Bowing!  Here is a practice that has fallen out of the modern fashion.  I remember noticing it at the beginning of The Hobbit, when Bilbo bows to no fewer than 13 dwarves who enter his hobbit hole, exchanging the lines “At your service” and “And at yours.”  Frodo repeats this ritual somewhat more clumsily in the feasting hall of Elrond, when he meets one of those very dwarves again—Gloin, come from Dain’s kingdom under the Mountain.  Frodo discovers this venerable dwarf sitting next to him at table, and immediately proceeds to scatter the cushions on his seat by rising and bowing.

Bowing, I have recently discovered, is by no means so easy at it looks.  There is a stiffness about the modern vertebrae (or, at least, about mine) that hampers the motion and besets the attempt with a very odd if not awkward unease.  Several times now I have attempted to bow at the appropriate times in various liturgical services among the Anglicans and Eastern Orthodox.  There is certainly good reason for bowing at such moments—honoring the name of God, or of any Person of the Trinity, with a bow is hardly an objectionable act.  And yet it comes unnaturally.  I was not bred to such things.  And if it proves so unmanageable in the presence of a god, I suspect I would not attempt it in the presence of a dwarf, however venerable.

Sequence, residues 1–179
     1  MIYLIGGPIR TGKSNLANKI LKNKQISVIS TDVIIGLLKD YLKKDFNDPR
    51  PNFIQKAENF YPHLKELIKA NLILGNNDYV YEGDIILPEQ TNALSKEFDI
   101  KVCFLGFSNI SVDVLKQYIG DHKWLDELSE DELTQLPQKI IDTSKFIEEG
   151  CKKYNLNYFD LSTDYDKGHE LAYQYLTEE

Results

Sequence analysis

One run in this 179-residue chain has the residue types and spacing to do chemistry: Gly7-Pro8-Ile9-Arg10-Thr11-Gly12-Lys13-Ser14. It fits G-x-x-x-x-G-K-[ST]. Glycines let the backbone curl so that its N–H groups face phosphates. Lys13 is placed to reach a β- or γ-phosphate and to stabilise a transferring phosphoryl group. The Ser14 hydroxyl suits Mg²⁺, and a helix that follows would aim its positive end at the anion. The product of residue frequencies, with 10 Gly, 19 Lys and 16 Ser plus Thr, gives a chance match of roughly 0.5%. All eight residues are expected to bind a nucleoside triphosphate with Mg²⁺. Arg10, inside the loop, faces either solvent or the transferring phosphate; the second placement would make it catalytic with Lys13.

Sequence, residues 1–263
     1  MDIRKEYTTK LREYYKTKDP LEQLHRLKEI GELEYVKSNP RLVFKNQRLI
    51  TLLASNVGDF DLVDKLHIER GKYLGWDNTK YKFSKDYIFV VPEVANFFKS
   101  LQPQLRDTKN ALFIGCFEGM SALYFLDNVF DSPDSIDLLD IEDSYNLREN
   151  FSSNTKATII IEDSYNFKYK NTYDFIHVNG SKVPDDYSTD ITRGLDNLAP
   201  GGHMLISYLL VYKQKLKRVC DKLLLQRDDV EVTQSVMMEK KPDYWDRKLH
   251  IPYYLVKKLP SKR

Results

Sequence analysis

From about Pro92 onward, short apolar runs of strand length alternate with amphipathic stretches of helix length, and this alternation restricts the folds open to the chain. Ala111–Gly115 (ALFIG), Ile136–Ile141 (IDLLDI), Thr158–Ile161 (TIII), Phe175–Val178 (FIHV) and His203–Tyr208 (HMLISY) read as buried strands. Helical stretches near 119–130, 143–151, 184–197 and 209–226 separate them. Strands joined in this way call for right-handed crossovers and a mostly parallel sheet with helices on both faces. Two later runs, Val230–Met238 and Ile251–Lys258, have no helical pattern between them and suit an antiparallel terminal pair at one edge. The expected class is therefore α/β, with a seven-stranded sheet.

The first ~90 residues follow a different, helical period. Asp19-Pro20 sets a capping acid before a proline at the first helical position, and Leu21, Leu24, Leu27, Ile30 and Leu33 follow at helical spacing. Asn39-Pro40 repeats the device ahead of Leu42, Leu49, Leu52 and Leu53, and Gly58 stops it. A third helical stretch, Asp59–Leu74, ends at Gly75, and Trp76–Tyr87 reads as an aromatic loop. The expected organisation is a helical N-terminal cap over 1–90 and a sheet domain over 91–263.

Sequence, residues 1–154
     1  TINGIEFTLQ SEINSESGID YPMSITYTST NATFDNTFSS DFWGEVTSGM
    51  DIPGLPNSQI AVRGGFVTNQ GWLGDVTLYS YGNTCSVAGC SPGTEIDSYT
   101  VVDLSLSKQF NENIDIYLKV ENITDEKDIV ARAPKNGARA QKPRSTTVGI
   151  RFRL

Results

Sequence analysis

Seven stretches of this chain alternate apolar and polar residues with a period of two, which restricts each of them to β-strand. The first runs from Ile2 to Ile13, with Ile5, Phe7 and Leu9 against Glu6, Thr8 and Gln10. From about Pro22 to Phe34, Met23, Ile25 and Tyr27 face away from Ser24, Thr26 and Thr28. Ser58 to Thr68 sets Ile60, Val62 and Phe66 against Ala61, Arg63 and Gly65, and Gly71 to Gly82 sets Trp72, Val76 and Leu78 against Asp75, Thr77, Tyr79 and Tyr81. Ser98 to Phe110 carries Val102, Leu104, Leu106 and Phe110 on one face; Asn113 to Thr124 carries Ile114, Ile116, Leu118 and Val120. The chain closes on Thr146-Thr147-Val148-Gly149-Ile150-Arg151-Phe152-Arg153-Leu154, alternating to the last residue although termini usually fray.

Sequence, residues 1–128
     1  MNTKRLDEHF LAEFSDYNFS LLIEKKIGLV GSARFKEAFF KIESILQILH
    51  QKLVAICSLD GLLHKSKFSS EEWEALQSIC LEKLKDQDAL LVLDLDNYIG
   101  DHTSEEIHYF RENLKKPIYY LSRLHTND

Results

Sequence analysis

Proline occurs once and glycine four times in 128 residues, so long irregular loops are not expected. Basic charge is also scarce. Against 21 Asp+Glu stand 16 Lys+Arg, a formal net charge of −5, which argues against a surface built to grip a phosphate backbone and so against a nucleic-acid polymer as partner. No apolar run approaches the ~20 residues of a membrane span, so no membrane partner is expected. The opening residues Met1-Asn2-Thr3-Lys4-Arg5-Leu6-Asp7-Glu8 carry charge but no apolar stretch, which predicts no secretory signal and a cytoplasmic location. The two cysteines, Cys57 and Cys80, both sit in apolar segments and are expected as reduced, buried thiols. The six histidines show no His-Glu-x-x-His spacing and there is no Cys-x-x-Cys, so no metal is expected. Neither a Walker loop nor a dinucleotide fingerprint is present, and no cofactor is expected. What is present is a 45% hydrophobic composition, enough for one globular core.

This, in conclusion, is part of my reason for loving The Lord of the Rings.  Tolkien is archaic and anachronistic even perhaps where he does not mean to be.  Whether or not bowing was still fashionable in the 50’s, it is one of those elements of foreign culture that appears so exotic and charming in the eyes of a barbarian raised in the late 90’s.  Archaism, anachronism, and all the charm of the foregoing are as much a function of the perceiver as they are of the perceived.  The Hobbits are lovable because they belong to an older culture than we.

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